Tuesday, December 21, 2010

Spiderman: Turn Off the Show

Once again, the producers dodged a bullet. Nobody died. This time.

Spiderman: Turn Off the Dark, the inexplicable hit of the current Broadway season (it hasn't even opened yet), has been plagued from its inception, years ago. But as soon as the actors stepped onstage (or leaped, or flew, or backflipped, or what-have-you), they started getting injured. This hasn't stopped the producers from forging ahead, though they continue to postpone their official opening to make "creative changes." Meanwhile, the previews are raking in the bucks; according to Broadway.com, the show is grossing over a million a week, and in terms of capacity, they are filling their houses better than Wicked, The Lion King, Jersey Boys, in fact every show on Broadway, with the exception of The Merchant of Venice, which has a limited run starring Al Pacino.

There is some macabre word on the street that people are packing into the theatre in hopes of seeing the next big unplanned disaster. The show had to be halted five times during the first preview, and technical snafus continue to arise. Well, that's what previews are all about these days (though technical snafus USED to be handled during something we actors call REHEARSAL, but since rehearsals don't generate income, and Spiderman is in sore need of some, they started selling tickets.)

But as I said, as soon as actors joined the process, they started getting hurt. One of the leading actresses was conked on the head backstage and was out of the show for two weeks with a concussion, some other poor schnook broke BOTH his wrists trying a stunt, and surely there have been sprains and other injuries ("minor") which have not made the press. Once these mishaps started occurring with regularity, Actors Equity Association dispatched one of its "safety officials" to be onsite at every performance (nobody can recall that EVER happening before).

Well, that safety official didn't prevent the biggest injury yet, which happened in the final minutes of last night's preview. One of the stunt doubles for the hero took a header into the pit when his cable broke, and he wound up in traction on a stretcher, being wheeled into an ambulance.

The mishap even caused some equipment to tumble into the audience. The producers have not released the name of the actor, but the New York Times has determined it is Christopher Tierney, who is an aerialist and one of Spidey's stunt doubles.

I'm wondering when the heck Equity is going to step in with some force. Clearly the production team is determined to move forward with their show, which, at $65 million is the most expensive production (BY FAR) to ever hit Broadway. It is estimated that they must gross over a million dollars a week just to meet their running costs; economists are predicting the show must exceed those running costs for four solid years before profit is made.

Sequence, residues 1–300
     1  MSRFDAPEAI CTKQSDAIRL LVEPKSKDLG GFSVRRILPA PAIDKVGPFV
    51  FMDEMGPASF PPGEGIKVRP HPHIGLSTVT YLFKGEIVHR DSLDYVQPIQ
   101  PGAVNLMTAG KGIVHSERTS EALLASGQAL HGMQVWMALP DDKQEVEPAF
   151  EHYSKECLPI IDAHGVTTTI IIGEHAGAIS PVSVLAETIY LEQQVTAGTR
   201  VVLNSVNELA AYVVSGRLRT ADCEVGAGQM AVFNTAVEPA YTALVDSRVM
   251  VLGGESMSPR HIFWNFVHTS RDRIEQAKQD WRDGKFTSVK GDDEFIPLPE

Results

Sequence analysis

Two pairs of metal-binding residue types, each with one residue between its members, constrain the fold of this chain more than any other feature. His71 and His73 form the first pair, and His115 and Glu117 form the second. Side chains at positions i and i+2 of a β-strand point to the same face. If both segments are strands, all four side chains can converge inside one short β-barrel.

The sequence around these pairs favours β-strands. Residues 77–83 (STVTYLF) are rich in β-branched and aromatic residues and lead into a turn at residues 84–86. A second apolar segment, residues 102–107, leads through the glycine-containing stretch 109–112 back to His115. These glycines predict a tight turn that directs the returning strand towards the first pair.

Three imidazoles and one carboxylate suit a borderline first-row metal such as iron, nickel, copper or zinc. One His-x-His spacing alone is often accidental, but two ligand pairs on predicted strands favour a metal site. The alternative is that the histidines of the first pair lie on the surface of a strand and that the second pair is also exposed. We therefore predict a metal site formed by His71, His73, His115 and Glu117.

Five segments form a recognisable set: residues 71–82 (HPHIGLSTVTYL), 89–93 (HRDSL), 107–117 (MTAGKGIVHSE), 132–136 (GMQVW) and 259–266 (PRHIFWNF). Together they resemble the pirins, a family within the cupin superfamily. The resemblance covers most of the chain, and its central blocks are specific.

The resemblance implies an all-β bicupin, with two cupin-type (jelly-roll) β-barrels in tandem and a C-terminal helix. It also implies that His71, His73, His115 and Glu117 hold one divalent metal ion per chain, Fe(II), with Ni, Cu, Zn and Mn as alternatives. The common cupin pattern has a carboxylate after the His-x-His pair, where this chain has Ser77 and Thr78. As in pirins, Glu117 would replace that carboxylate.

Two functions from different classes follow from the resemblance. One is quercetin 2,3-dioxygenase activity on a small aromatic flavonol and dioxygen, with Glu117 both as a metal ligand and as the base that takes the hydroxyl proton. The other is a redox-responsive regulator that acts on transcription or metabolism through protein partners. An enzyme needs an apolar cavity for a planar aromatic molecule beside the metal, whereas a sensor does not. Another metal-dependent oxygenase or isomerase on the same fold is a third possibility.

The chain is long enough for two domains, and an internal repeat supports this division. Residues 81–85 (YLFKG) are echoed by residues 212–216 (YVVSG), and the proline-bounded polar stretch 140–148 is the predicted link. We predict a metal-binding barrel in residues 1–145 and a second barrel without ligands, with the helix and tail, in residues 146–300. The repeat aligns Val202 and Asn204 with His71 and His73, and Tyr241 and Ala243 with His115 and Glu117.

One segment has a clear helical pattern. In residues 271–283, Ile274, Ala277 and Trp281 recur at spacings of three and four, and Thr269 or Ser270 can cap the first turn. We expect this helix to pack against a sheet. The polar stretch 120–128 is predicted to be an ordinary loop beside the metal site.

Labor Department safety inspectors are on hand as I write these words, trying to determine what happened and, I assume, how it can be prevented in the future. These are the same guys who investigated the last mishap, when a sling-shot effect went wrong and two actors were injured. After that accident in November, they gave approval for performances to continue uninterrupted.

I wonder, how CAN it be prevented in the future? This monster show looks like Cirque de Soleil on steroids, with plenty of opportunities for severe injury to its cast. Equity has the power to shut down this production until it can be proven safe to perform: by pulling its members off the stage (as a Broadway show, everyone who steps foot on the stage is a union member), the show would have to shutter, at least temporarily. Would that be such a drastic step, considering what has been going on? Yes, I know the argument: if Spiderman turns into a smash hit (rather than the gruesome curiosity it now is) and runs for years, it will generate tens of thousands of work weeks for union actors. Is it worth making that gamble, when the next injury could put an actor in a wheelchair for life, or actually end it?

According to AEA rules, if any actor feels unsafe performing anything on stage, all he has to do is say so, and he cannot be forced to do so. So why are these actors taking their own safety so cavalierly? Because that's what we do: we are desperate to work, and anxious to be considered a team player. I am a big Equity supporter, been in the union for decades, serve on the local liaison committee, rah rah sis boom bah. But I am ashamed that AEA has so tentatively stepped in to insure the safety of its actors. The producers are not going to do it, they've been injuring their cast members since day one. Somebody should. Somebody must.

(update: the most recent accident has been labeled "human error," and resulted in a postponement of one performance of Spiderman; new safety measures are being put in place, and performances will continue tomorrow night.)